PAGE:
- The Washington Times - Saturday, November 3, 2001

Possibly the last image that comes to mind when one pictures the Pilgrims is a joyous scene charged with music and dance.
Those early settlers endured punishing winters and the mysteries of an unknown land. They also took time for rollicking entertainment, says Tina Chancey, co-director of Hesperus, an Arlington-based group that performs music from America's earliest incarnation.
Their latest concert, "Did the Pilgrims Ever Have Fun?" will be held at 10 this morning at the Cherrydale Volunteer Fire Department on Lee Highway and North Pollard Street in Arlington.
The concert spans the time from the Pilgrims' arrival on our shores to the signing of the Declaration of Independence.
The sounds filling the fire hall might be unfamiliar to most, but Miss Chancey says patrons should not be discouraged from sampling the nation's rich musical history.
"You don't have to know anything [about the music] to like it," says Miss Chancey, who along with her husband, Scott Reiss, explains the music's origins between numbers. "It's lively music. You can dance to it."
Miss Chancey, her husband and four other musicians will play more than a dozen classic instruments, such as the hammered dulcimer and viola da gamba.
The all-ages show will conclude with a social and refreshments.
The Pilgrims, Miss Chancey says, brought music from England, Scotland and Ireland restrained parlor music suited for after-dinner accompaniment.
"It was very polite," she says of the English country dances, which featured repeating bass patterns.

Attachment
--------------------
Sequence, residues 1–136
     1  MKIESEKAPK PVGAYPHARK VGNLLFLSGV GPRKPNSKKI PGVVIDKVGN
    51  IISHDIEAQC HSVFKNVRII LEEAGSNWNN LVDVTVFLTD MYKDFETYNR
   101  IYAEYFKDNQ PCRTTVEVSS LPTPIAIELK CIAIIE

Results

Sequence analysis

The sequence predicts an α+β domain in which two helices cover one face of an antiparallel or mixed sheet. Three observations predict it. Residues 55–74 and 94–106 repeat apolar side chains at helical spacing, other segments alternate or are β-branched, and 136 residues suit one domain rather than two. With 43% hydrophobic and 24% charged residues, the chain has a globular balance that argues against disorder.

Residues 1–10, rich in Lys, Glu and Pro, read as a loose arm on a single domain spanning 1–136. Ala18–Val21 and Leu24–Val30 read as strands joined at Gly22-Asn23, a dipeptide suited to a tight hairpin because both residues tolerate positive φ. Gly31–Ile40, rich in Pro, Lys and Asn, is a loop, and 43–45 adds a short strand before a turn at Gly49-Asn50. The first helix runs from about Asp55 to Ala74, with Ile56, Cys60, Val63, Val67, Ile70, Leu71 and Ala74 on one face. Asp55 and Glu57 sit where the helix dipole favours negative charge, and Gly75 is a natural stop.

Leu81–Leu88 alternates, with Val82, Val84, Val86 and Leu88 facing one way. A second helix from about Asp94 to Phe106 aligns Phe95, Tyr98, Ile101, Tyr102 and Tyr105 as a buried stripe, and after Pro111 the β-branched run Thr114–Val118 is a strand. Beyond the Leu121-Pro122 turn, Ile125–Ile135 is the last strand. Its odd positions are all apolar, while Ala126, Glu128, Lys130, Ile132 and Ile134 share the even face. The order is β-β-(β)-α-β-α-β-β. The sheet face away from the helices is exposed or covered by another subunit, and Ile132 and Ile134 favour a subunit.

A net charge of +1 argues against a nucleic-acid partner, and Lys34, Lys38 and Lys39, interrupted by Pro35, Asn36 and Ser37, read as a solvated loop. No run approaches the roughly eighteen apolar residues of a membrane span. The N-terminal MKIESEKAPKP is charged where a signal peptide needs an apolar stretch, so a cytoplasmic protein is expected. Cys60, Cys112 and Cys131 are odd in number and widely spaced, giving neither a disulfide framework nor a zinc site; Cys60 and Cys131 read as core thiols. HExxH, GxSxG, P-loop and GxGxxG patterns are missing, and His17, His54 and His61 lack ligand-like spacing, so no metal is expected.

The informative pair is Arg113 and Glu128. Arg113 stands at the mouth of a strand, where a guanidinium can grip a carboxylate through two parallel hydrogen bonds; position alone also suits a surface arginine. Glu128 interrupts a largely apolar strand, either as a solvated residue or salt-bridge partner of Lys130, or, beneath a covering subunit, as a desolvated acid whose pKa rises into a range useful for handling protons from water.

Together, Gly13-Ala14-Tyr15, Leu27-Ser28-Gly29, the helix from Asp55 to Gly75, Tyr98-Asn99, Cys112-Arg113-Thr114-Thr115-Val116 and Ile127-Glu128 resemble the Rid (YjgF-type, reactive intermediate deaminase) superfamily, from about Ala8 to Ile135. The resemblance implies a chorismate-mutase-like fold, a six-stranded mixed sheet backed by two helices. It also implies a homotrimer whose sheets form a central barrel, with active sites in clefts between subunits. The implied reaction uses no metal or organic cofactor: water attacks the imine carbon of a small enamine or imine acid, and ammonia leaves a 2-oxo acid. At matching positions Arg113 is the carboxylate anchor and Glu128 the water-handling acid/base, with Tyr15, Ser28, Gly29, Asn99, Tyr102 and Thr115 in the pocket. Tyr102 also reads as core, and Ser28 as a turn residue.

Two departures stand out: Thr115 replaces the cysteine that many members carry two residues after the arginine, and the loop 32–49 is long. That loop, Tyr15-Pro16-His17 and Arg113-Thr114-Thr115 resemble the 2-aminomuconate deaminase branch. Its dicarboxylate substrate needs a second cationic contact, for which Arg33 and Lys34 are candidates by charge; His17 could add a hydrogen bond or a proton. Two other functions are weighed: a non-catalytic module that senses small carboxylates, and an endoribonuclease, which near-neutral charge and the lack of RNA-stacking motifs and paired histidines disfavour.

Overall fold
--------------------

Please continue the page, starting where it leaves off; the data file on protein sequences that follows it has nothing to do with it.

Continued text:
"As settlers forgot their roots, a new style evolved," she says. "We trace that evolution."
Other influences crept into the country's musical fabric. Miss Chancey cites French cotillion dances, "spirited and bouncy" numbers that she compares to contemporary square dances.
The new, raw American music suited the emerging nation. Some of the songs fueled the Revolutionary War contingent. Musicians "were trying to rally others around the cause," she says.
Miss Chancey says she and her husband devote some of their time to researching the country's musical past, with the Library of Congress providing a wealth of information.
Hesperus, founded in 1979 by Mr. Reiss, plays an assortment of medieval, Renaissance and baroque concerts, what Miss Chancey calls a traditional fusion of early music and American folk with dollops of Cajun and Appalachian tunes.
"It's eight centuries of music from four continents," says Miss Chancey, whose group contributed music to the 1999 film, "Sleepy Hollow."
Hesperus also will perform a concert of medieval music, dubbed "Miracles," at 3 p.m. Nov. 11 at the Rosslyn Spectrum in Arlington.
Tickets for today's show are $10 per family. For more information, call Hesperus at 703/525-7550.

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